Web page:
Eventually I drove toward a place I hadn’t been in sixteen years. Not knowing where else to go, I figured it was time to put my feet in the soil where it all began—the town where my mother and father grew up.

  Crossing the state line into Oklahoma gave me a sense of peace I hadn’t had in years—probably since the day we left. The memory was so clear. I remembered exactly how it felt staring out the window of that old, dilapidated sedan and watched the familiar backdrop of my childhood disappear behind us.

  My chest tightened thinking about that day and my dad. He had the biggest dreams. No one understood his ambitions, most likely because they were so far-fetched. He wanted to be someone important, a guy people stared at when he walked into a room. He craved the spotlight and skyscrapers, big tops and lights. He wanted to be a winner.

  As I got closer to the tiny, quiet town, my nerves were on fire. It was hard to picture my dad in that place. It didn’t seem to me that his vibrant personality could even fit into a place that small.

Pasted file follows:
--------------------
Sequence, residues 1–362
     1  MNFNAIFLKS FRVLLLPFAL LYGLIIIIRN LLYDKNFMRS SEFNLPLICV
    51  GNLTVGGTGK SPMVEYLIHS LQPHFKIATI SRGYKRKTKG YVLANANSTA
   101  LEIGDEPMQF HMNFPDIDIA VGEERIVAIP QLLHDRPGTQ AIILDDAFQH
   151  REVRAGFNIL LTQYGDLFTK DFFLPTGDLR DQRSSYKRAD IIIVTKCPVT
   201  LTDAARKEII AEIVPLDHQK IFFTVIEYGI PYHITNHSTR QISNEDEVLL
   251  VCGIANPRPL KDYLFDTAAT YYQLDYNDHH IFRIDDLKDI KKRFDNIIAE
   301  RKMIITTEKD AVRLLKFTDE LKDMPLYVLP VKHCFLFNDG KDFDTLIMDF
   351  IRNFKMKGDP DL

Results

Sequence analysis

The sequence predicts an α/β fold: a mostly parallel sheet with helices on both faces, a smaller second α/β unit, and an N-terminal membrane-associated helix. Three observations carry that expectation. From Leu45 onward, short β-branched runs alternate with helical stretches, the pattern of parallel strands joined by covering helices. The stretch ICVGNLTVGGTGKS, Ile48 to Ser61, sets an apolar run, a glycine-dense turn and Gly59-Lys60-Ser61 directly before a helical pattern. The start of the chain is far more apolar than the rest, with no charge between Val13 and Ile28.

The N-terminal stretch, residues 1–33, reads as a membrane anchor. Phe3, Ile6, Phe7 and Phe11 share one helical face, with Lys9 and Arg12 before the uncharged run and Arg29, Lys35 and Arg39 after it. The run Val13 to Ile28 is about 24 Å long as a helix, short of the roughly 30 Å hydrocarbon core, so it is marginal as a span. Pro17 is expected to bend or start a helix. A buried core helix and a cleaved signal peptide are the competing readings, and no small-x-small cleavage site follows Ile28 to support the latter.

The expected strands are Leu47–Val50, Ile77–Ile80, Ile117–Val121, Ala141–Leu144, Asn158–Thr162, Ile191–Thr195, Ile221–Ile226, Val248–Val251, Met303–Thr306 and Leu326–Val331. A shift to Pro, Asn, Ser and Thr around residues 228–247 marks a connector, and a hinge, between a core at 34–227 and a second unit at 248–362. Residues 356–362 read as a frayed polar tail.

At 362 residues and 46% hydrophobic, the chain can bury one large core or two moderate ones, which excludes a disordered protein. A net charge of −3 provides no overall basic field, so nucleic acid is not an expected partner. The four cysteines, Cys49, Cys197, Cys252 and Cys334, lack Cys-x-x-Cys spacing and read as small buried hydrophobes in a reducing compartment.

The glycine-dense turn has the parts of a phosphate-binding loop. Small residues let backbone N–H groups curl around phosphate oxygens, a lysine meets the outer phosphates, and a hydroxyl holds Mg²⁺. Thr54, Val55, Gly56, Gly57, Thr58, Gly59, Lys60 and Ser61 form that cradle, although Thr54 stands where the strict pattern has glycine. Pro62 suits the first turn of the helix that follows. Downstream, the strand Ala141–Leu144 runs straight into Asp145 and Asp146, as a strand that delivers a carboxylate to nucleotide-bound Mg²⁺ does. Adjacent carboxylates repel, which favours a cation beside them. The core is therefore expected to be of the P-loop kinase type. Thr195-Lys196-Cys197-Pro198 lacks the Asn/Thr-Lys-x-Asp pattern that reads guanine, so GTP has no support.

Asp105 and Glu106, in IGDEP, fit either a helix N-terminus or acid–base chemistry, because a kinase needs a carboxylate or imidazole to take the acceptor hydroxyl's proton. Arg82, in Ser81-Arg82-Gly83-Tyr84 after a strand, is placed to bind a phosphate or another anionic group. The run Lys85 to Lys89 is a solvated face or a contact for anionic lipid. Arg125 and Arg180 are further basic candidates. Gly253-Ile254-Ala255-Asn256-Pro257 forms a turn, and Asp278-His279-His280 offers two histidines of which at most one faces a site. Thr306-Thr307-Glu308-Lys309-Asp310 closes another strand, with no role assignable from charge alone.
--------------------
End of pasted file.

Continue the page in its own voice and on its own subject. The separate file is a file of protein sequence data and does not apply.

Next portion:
I drove around for a while, not really knowing where to go. I had no idea where their house had been—there were no relatives to contact, and I didn’t have many memories. Everything was unfamiliar to me. Sadness took over, and I hightailed it in the other direction.

  I tried to imagine what their life had been like there. Our life. Realizing I had very little memory of it hit me like a ball of fire. I cried hard, relentless tears thinking about my mom. I wished more than ever that she was still alive.

  Reminiscing about my childhood had never been one of my favorite pastimes. It was painful, but not in a bad way. Worse than that, the memories were good, and my heart would ache for days when I’d allow them to crawl inside.

  My mom was amazing. How she ended up with a man like my dad remained a mystery. Some days, I’d sit around and wonder what it was about him that made her want to live the life he led.

  Even though I didn’t remember much about her—at least not a lot of details—I remembered that she was beautiful and kind, and above all, loving. There had never been a doubt in my little head about how much she loved me. I was her entire world, and I felt it every single minute of every single day.